Saturday, January 26, 2013
Please Welcome Birdie Alexander
This is a reprint of the first interview we did with Birdie 11-20-2011. I see that some of Birdie's statements did make it to the edits of the final version of Dreaming of a Father's Love which published 12-26-2013.
So without further introduction let the interview roll:
Today’s visitor is one of the characters from Sharon A. Lavy’s first novel Dreaming Of A Father's Love.
After Sharon first gave her permission, and asked her character, Roberta Mona Alexander has agreed to let us interview her today.
Roberta: Oh, please. Everyone calls me Birdie.
Q: Why is that?
Birdie: It’s all I remember anyone calling me. Except for Mom, of course. She named me Roberta and likes it.
Q: You don’t like your name?
Birdie: It sounds like a boys name. A stuffy boy’s name at that. [She flinches, then sits taller in her chair.] Wow! Maybe Dad would have paid more attention to me if I’d insisted on using my given name. I never once thought of it.
Q: Is that what the story’s about? Your relationship with your father?
Birdie: I’ve always been “Daddies Girl.” Working with him is what I’ve always wanted.
Q: And I understand you do work in your father’s business. What is it?
Birdie: Alexander’s Nursery and Greenhouse. But he won’t give me any say in the big things.
Q: What big things do you want to take part in?
Birdie: My twin brothers and I grew up working in the business. I actually started working in the seventh grade. Nathan. Well, he’s a genius with creating and making things work. And Jason, he’d rather be a carpenter, but Dad insists he go to college for a business degree and take over the business.
Q: Does this cause problems between you and the twins?
Birdie: Let’s just say it causes some discussions.
Q: I’m sure it does. How long have you been working with Sharon on this story?
Birdie: Would you believe we met in 1997?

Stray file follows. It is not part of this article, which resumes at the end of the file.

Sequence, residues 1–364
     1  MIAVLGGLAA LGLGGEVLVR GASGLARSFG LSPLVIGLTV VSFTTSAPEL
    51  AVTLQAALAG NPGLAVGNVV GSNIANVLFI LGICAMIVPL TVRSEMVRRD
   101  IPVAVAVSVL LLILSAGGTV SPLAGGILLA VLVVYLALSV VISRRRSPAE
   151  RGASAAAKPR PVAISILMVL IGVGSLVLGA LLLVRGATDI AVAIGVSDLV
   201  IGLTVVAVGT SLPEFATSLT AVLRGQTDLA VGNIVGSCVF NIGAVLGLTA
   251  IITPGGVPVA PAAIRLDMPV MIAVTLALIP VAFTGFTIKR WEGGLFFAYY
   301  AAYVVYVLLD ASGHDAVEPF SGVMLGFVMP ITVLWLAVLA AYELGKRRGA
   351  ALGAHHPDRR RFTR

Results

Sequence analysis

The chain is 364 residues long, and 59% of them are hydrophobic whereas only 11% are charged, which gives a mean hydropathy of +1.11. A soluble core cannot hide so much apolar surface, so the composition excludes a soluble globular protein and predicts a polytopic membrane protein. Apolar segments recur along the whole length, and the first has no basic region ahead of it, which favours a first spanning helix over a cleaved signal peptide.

Q: How did you meet?
Birdie: It’s a long story. The short version is she looked through a catalog and found me. Cut out all the pictures she could find of me and made a collage. Then she studied and learned about me.
Q. How did she do that?
Birdie: Oh, she’s really into the personalities and temperaments. And about that time she took a color co-ordinating class. The instructor thought even our coloring, skin, hair, and eyes pointed to our personality types.
Q: Are you saying she chose your personality? How did that work for you?
Birdie: She didn’t choose my personality, she just tried to determine it. And as we worked together she learned more about me.
Q. Did she ferret out all your secrets?
Birdie: I hope not. I’d like to think I have more than one story to offer.
Q. What’s the hold up in getting your story published?
Birdie: That’s a good question. I learned so much in the process and I feel I have a message to convey to others who may find themselves in a similar situation.
Q: You mean with your relationship with your father?
Birdie: That’s what I thought at the beginning. That Sharon could tell my story. Could help me through the story. Well, to get through to my Dad what I needed. Little did I know how much God wanted to teach me.
Q. Can you describe the setting of the story and what it means to you?
Birdie: Dreaming Of A Father’s Love takes place in 1973. We started out using 1979 because Sharon had young teenagers in those years and was very familiar with the clothing styles the kids wore in this part of Ohio.
Q. So why did the date change to 1973?
Birdie: Sharon had a couple of critique partners from the east coast who thought the styles better represented the early 70's better than the later 70's. Sharon had this elaborate calender to make sure the dates of certain events and everything. Well it turns out the 1973 calendar and the 1979 dates fit the same days of the week. So it wasn’t a hardship to change.
Q. Was there something important about the clothing style that made such a big difference to the story? Why couldn’t your story take place in a more contemporary time?
Birdie: The dynamics of my story, my dad’s attitude really don’t fit as well in a different time frame. And it doesn’t fit the German Baptist thread in the story either.
Birdie: Yes, and I still can’t believe Sara joined that church.
Q. Why is that?
Birdie: Oops! I think that’s one of the “spoilers” I wasn’t supposed to talk about. I guess I’ve talked too long.
Q. I’m sorry. I didn’t mean to ask the type of question that would provoke a spoiler. Can we get back together another day?
Birdie: If Sharon agrees.
Q: Will you ask her if we can talk about your relationships with the other characters in the story next time?
Birdie: Sure. Gotta run now.
Photo credit for Birdie: http://www.freedigitalphotos.net/images/view_photog.php?photogid=982